Ron Artest weighs in on popcorn incident between Russell Westbrook, fan: ‘It shook me up a little bit’

When a 76ers fan poured popcorn on Wizards guard Russell Westbrook during Game 2 of the teams’ Eastern Conference playoff series, it didn’t sit well with Metta Sandiford-Artest.

The athlete, formerly known as Ron Artest and Metta World Peace, took to Twitter to call out the fan for his actions.

Sandiford-Artest’s opinion certainly matters. After all, he was involved in one of the most famous player-fan brawls in NBA history.

In 2004, Artest, then a member of the Pacers, went into the stands to fight a Pistons fan who had thrown a beer at him. The incident, which became known as “The Malice in the Palace,” resulted in Artest being suspended for 86 games, an NBA record for a non-drug-related suspension.

And seeing the popcorn dumped on an injured Westbrook as he walked to the locker room Wednesday night brought him back to that moment. 

“I felt like I was going to run into the stands,” Sandiford-Artest told USA TODAY Sports. “It shook me up a little bit.” 

Sandiford-Artest would go on to refer to the actions of the fans as “disrespectful.”

“Popcorn doesn’t hurt, but that’s really disrespectful. The problem is an athlete at that point in time is focused on the game,” Sandiford-Artest said. “You can’t throw stuff when you’re watching people perform. You can’t throw stuff at anybody. It doesn’t matter where you’re at.”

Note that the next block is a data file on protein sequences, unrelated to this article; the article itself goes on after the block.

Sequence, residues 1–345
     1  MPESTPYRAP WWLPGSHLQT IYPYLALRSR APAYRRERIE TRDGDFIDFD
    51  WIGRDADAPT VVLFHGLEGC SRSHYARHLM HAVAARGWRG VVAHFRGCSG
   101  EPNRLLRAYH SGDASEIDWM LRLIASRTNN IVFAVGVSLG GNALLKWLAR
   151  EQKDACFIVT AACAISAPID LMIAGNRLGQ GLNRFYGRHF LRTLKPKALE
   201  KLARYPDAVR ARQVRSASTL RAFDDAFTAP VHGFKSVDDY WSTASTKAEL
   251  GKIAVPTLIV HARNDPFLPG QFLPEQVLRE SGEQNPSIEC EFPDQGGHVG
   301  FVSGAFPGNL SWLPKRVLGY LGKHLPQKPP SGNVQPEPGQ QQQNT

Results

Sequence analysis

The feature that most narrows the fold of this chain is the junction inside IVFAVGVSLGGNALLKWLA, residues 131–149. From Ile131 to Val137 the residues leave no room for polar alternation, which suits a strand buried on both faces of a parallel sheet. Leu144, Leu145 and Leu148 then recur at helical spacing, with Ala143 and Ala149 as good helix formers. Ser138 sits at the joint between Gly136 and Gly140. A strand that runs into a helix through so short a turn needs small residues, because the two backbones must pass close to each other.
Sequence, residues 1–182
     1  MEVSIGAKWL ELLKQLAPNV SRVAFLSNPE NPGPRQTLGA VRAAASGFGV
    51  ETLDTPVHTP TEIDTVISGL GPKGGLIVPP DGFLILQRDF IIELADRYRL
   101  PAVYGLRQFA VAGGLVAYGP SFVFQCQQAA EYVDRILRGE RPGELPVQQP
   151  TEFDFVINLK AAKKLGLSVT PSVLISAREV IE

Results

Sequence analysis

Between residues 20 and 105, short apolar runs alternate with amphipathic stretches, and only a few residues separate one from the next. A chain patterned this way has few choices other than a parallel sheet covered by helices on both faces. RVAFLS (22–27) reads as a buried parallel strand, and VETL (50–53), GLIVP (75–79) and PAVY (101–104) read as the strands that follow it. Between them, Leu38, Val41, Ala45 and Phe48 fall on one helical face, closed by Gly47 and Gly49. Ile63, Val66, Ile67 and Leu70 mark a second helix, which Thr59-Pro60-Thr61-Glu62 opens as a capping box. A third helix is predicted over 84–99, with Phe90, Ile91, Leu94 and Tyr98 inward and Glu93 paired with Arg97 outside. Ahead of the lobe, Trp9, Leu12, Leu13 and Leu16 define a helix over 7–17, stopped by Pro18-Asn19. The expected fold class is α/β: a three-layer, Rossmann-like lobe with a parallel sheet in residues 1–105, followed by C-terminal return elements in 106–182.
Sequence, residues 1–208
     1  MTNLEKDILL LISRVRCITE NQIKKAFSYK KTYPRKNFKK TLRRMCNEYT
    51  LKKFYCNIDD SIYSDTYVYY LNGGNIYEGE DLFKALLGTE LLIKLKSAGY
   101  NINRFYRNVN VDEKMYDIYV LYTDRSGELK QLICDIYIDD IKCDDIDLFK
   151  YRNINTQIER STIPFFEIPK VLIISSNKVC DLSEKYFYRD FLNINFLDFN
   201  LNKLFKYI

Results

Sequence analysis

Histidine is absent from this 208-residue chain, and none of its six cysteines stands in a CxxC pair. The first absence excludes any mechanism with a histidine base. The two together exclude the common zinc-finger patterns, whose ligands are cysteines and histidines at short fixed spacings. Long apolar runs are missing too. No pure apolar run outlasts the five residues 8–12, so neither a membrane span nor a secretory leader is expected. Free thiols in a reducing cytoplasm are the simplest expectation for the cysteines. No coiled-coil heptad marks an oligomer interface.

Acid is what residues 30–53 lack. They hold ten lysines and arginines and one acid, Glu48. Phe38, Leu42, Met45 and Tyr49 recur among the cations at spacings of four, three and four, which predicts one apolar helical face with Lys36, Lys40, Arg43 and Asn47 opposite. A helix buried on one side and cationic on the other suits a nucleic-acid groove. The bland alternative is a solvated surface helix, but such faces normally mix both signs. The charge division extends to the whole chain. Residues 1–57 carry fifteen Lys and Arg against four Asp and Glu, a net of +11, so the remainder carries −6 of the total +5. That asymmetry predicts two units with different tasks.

Many Twitter users agreed with Sandiford-Artest’s thoughts, and retrospectively said that he was right for choosing to fight the fan in Detroit all those years ago.

Since Westbrook was restrained by security, he didn’t get a chance to go after the fan. And despite his opinions on the incident, Sandiford-Artest said that ended up being a good thing for all involved.

“Westbrook was pissed, and he had the right to be pissed,” he said. “But I’m so happy that he was around people. Security was incredible.”

Indeed, the fan was lucky that he only had his season ticket revoked and received an indefinite ban from the Wells Fargo Center.

Had Westbrook not been surrounded by security, it could have been much worse.

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